Can we take a moment to talk about oatmeal? I know it's not the most riveting subject. Oatmeal hardly ever is, especially when you relegate it as simply a pasty beige goop. It doesn't have the saucy, cheese-tasting goodness of a perfectly soft boiled egg's yolk, nor the crunchy, porcine goodness that is only the crispiest farmers' market bacon. And then there are cinnamon rolls. The yeasty, homemade kind with crusty bits of cinnamon sugar peaking out of the folds and an aroma that curls through the house curing everything from Mondays to broken hearts. Then there's all cream cheese icing, the sort that you slather on with a spatula as if you were going to mason together a wall of sticky buns.
I mean, I dig oatmeal. But no oatmeal is really ever gonna match that. Let's be honest.
Thing is: cinnamon buns are a fuck-ton of work. Oatmeal? Not so much. It's a snap, and you can still craft some truly flavorful recipes with minimal effort that'll ensure you aren't missing any cinnamon buns. And, heck, you can serve it up with some soft boiled eggs and bacon just fine.
I was lucky in that I was never served goop. My dad, who usually worked well past nine, ten, sometimes eleven o'clock at night, was the one who made my brother and I our lunches for school and ensured we ate a halfway decent breakfast. This left my mom to have a peaceful, child free morning before she went off to teach a room full of third graders then come home to watch her own kids.
Come the colder months oatmeal was the usual fare. However, dad knew how to make it a bit more engaging for the sake of flavor and nutrition. It wasn't uncommon for us to find sliced banana, slivered almonds, mashed blueberries, raisins arranged into a happy face, melting crusts of cinnamon and brown sugar, swirls of maple syrup or honey, snowy mountains of dried coconut, or roasted apples mixed into our oatmeal. It's a special childhood when one of your fondest memories is looking forward to the oatmeal your dad made before school. Or a lucky one. Probably a bit of both. Either way, the other kids at school didn't really get it what with their Lucky Charms and Wheaties.
(Of course, the best school morning were when dad treated us to cinnamon toast and bacon - an event reserved generally for birthdays or the first day of school. Still, I was pretty keen on the oatmeal.)
I've detailed my adoration of oatmeal before, but I've only recently discovered baked oatmeal. As I've come to learn there's no such thing as bad baked oatmeal, so even if you've never had any particular fondness for the stovetop kind I urge you to consider the following recipe. Maple syrup, brown sugar, pecans, almonds, cinnamon, milk and bananas all mixed together with some oatmeal and baked into a sticky, rich mess. The grain, milk, and fruit deeply caramelize into something akin to a molten cookie dough. It has a pleasant chew and the sides and top have a slight crackle worth investigating.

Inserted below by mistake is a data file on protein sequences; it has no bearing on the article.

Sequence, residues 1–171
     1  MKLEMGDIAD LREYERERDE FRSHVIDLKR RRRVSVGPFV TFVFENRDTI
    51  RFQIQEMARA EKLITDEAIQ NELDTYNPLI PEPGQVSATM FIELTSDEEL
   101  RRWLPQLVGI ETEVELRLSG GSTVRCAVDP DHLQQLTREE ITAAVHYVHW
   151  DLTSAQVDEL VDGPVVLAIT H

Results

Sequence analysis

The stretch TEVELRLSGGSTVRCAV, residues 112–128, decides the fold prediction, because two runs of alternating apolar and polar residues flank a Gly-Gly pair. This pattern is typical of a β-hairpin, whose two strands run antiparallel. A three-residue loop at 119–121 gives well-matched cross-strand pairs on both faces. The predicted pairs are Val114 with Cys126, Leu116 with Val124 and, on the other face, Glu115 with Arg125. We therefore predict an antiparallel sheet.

Of course, you can use strawberries, rhubarb, cardamom, chocolate, or whatever you've got sitting about the house. The oatmeal don't care.
If you can make this with you dad I highly encourage you to do so. I imagine that if you were fortunate like me then you can't ever thank your parents enough.
Baked Oatmeal with Bananas and Blackberries
Inspired by 101 Cookbooks
2 cups rolled oats
1 teaspoon baking powder
1 teaspoon ground cinnamon
1/2 teaspoon ground ginger
pinch of good salt
2 cups whole milk or coconut milk, either works
1/3 cup maple syrup, plus more for serving
1 large egg
2 tablespoons unsalted butter, melted
3 teaspoons vanilla
2 ripe bananas, sliced
2 mighty cupped handfuls of blackberries (about 2 cups)
Preheat the oven to 375F and butter the heck out of a medium-sized baking dish (8 or 9 inch square will do). Mix together the oats, baking soda, salt, and spices. In another bowl whisk together the butter, egg, milk or coconut milk, maple syrup, and vanilla.
Place the banana slices in a layer on the bottom of the pan and scatter two-thirds of the berries. Toss over the oat mixture and thwack the pan on the counter to ensure they crawl into every nook and cranny. Add the milk mixture and thwack again. Toss on top the remaining berries and another drizzle of maple syrup because why not, right?
Bake for about 35-40 minutes. Serve with butter and large mugs of tea. Bacon would be awesome, too.